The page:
Greg and Jan Mulder

I’m Greg Bedinger and, along with my wife Jan Mulder, am a relatively new member of Mountain Vista.
Twenty years ago we responded to a three-line invitation in the classifieds of our local weekly to visit a UU fellowship on Bainbridge Island, Washington. Jan was raised UU and was interested in giving this small group a try; for me it was much more a hesitant leap of faith to take this step.

Perhaps not surprisingly, we were warmly greeted and made to feel welcome. Jan had warned me that once we made it through the door, we would almost certainly become engaged. And so it was. We had found our community.

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Debbie and Jim GessamanDebbie and Jim Gessaman

Debbie: My parents grew up in blue-collar families where the men worked, one as a house carpenter and the other as a laborer at Minneapolis Moline. The men probably trained on the job. Their wives raised children and kept house.

Maybe that’s why Mom and Dad decided to provide more opportunity for their three children than they had, so they both worked long hours at basic jobs.  Mother was a waitress at a Jewish Country Club, with a catering business on the side; Dad was a timekeeper at Ford Motor in St. Paul.  Two salaries helped, along with their fix-it gene; thriftiness; modest investments; and saving for their “dream rambler” and college for us was a priority.

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John ClarkJohn Clark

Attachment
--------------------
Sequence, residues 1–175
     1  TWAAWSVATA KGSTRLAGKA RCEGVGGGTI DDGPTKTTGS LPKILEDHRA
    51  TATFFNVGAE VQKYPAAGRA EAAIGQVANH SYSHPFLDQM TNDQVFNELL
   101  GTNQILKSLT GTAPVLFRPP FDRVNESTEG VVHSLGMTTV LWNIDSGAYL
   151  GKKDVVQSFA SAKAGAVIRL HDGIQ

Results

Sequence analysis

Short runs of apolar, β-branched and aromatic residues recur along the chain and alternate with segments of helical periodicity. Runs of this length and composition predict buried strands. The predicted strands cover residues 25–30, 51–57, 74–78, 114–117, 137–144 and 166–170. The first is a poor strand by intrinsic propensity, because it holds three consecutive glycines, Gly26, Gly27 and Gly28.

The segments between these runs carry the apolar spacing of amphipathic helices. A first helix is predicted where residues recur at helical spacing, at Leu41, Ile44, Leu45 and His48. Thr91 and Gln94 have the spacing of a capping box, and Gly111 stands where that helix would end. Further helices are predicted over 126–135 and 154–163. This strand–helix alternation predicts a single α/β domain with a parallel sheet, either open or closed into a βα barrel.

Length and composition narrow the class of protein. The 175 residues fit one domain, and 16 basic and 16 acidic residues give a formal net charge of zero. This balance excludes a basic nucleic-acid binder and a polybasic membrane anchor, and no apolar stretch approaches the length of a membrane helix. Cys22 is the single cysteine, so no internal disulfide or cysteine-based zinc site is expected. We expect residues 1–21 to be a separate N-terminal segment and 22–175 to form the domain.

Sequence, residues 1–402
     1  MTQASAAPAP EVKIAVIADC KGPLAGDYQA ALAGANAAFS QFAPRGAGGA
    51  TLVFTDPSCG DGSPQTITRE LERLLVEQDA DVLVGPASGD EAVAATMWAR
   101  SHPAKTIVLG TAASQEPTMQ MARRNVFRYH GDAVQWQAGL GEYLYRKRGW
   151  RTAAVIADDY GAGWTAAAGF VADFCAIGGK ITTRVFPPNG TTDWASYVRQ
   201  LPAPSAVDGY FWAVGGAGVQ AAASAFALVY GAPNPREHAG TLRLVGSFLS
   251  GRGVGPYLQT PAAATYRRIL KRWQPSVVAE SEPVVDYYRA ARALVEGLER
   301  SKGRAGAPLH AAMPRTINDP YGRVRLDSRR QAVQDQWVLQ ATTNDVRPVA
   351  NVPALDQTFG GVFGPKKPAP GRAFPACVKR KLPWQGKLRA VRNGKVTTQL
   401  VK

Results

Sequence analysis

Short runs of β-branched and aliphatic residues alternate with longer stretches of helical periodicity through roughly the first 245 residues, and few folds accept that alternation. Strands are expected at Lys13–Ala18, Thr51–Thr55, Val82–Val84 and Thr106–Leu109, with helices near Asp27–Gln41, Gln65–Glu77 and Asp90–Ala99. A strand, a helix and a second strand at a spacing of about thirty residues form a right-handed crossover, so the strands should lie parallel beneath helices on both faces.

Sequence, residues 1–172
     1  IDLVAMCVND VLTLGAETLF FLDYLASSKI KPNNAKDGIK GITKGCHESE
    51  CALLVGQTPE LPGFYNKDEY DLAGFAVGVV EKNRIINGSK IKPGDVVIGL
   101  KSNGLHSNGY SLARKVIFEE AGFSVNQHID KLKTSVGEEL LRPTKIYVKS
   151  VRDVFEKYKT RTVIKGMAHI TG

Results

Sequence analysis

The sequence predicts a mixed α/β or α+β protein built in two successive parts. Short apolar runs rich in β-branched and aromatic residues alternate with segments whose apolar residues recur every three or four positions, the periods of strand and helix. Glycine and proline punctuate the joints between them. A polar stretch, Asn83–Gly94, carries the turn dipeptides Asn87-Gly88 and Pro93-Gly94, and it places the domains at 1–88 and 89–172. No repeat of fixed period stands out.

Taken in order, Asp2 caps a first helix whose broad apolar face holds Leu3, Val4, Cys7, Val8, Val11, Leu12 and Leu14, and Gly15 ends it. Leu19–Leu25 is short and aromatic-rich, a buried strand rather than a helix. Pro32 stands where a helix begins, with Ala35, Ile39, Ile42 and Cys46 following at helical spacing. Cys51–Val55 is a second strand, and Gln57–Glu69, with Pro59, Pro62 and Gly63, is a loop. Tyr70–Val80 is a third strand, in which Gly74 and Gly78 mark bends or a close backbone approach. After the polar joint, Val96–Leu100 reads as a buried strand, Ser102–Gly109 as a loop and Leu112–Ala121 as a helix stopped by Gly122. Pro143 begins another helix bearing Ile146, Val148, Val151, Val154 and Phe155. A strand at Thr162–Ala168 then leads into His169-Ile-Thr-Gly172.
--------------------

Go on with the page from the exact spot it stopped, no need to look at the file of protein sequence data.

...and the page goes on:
I’m involved in several activities at MVUU. Many of you know me as a Practice Associate; some of you know me as the leader of the Sunday Morning Book Group.  It’s the book group that captured me a couple of weeks after Meg Kidwell invited me to attend MVUU in the Fall of 2004.  About 80 books later I can say that the Book Group has been the single most important contributor to my intellectual growth in the past 12 years.  It takes us several weeks to read each book so we can discuss each chapter in depth.  We share views and ideas on big subjects like the history of Unitarian Universalism, the components of human personality, why there is something rather than nothing in the universe, how medicine can help us live better lives as we age, how mindfulness meditation changes us, why people have different values and currently how evangelical Christians learn to hear God talk to them.   I would never have confronted those and dozens of other topics on my own.

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David GreeneDavid Greene

My initial membership with a Unitarian Universalist congregation was in 1993, when I accepted a position at Weber State University in Ogden, Utah. My son was entering the 10th grade and when I heard there was a fledgling UU group in the city, I hoped it might offer him, and me opportunities to meet people who might be more open to the attitudes and experiences of Southern California transplants. What we found there was a small, but active youth group and a congregation of about 60 friendly, interesting, fun loving and inquiring people who welcomed and embraced us immediately.

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Katie PharesKatie Phares

Good Morning. I am Katie Phares. For those of you who don’t know me, I am married to Reverend Ron. Ron and I met at First UU Austin when he was in seminary. We got to know each other better when I volunteered to help teach the high school Religious Education class with him.

Now, I grew up in a religiously liberal household, whether my parents realized it at the time or not. In Murray, Kentucky, where I lived until I was eight, my parents, two sisters, and I attended the United Methodist Church.